AZURE is an independent magazine working to bring you the best in design, architecture and interiors. We rely on advertising revenue to support the creative content on our site. Please consider whitelisting our site in your settings, or pausing your adblocker while stopping by.
274
Current Issue

September 2019

#274
September 2019

Interior High Notes: Residential wonders in Atlanta, Whistler, Milan and more in Azure's September 2019 issue!

1 Forma Mentis by Valcucine
Versatile and adaptable, Forma Mentis keeps it sleek by doing away with handles, opting instead for cabinetry with beveled edges – seamlessly hidden along their edges, but open along the top. Designer Gabriele Centazzo developed the system to accommodate different thicknesses of brushed-marble countertop, different types of recessed grips and, of course, a variety of colour combinations.

 

2 Trail by Varenna
Developed with Carlo Colombo, Trail similarly integrates its handles into the edges of the glossy lacquered cabinet doors – in this case, along either a vertical or horizontal edge. Smoked glass inserts offer glimpses of what’s inside. The enlarged projecting counter surface encourages people to sit and enjoy a meal in the kitchen, turning the island into the social hub of the house – another trend found in many of the fair’s just-launched kitchens.

 

3 Alnoinox by Alno
Alnoinox, from German manufacturer Alno, stood out among this year’s crop for its material: apart from the countertops, which can be spec’ed in a variety of surfaces, the system is made entirely from steel. Hygienic and durable, the slim-lined front panels are offered in varying dimensions with a colourful powder-coat or metallic finish, and can even be outfitted with an ethanol-burning fireplace.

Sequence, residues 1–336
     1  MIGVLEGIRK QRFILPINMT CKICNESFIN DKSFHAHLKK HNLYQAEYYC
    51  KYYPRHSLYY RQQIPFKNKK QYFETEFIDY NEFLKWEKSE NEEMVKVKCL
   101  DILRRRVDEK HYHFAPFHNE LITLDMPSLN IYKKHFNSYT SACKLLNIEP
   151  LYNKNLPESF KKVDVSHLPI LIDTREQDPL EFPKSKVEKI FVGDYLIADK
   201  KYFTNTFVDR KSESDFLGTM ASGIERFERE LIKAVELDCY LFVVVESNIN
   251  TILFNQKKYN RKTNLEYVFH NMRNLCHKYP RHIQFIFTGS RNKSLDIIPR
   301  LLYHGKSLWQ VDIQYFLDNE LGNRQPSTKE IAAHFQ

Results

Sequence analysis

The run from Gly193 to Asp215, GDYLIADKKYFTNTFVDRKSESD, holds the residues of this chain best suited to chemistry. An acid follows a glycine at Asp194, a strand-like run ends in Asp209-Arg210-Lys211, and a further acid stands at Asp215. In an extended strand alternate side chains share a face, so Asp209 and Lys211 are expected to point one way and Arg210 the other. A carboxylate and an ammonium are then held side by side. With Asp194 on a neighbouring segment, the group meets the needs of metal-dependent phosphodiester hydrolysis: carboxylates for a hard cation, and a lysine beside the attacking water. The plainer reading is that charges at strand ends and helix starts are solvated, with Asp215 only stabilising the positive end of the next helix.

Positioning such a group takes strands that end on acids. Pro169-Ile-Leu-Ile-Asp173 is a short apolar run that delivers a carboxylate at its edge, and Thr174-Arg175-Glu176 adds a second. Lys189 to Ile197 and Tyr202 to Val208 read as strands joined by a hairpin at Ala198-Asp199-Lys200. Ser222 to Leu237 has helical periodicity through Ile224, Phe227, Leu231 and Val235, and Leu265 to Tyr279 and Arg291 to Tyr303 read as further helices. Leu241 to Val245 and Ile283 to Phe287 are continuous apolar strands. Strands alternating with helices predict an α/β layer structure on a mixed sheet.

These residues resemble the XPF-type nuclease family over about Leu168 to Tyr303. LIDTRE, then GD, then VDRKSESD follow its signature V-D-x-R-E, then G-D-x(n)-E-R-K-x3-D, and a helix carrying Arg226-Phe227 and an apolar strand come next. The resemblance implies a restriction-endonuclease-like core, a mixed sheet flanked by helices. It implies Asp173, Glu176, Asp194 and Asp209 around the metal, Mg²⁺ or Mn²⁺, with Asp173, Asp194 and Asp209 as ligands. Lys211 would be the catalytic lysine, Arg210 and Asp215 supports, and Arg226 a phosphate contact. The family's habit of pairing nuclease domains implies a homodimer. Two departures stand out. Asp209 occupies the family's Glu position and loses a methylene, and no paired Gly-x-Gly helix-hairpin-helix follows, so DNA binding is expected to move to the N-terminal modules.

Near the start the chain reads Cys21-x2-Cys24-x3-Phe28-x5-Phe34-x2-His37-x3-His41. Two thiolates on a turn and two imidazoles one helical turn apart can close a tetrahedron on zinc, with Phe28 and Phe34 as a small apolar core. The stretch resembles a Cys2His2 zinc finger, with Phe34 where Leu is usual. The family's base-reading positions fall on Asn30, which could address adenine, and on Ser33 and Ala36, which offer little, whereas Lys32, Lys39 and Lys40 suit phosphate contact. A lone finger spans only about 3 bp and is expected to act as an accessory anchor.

4 Soul by Ernestomeda
Giuseppe Bavuso’s Soul gets an update for 2016 with a matte-lacquered side-table module that can be enlarged to serve both kitchen and living spaces with the addition of sinks, cooktops, or storage. The units have a classic feel that makes for a welcoming, casual environment, ideal for those looking to blur the lines between kitchens and living spaces.

 

5 Lepic by Schiffini
Jasper Morrison “undesigned” Lepic – his first industrially produced kitchen – in three styles, inspired by three cities: Stockholm, Tokyo, and Milano (seen here). They share in common a seemingly straightforward blend of solid wood cabinets and open shelving and drawers, but with minor adjustments to often-overlooked details. Where they differ is in their colour choices: Tokyo features white cabinets and stainless steel back-splashes, Stockholm has cabinet paneled in warm Douglas fir ply, and Milano is styled in matte black.

AZURE is an independent magazine working to bring you the best in design, architecture and interiors. We rely on advertising revenue to support the creative content on our site. Please consider whitelisting our site in your settings, or pausing your adblocker while stopping by.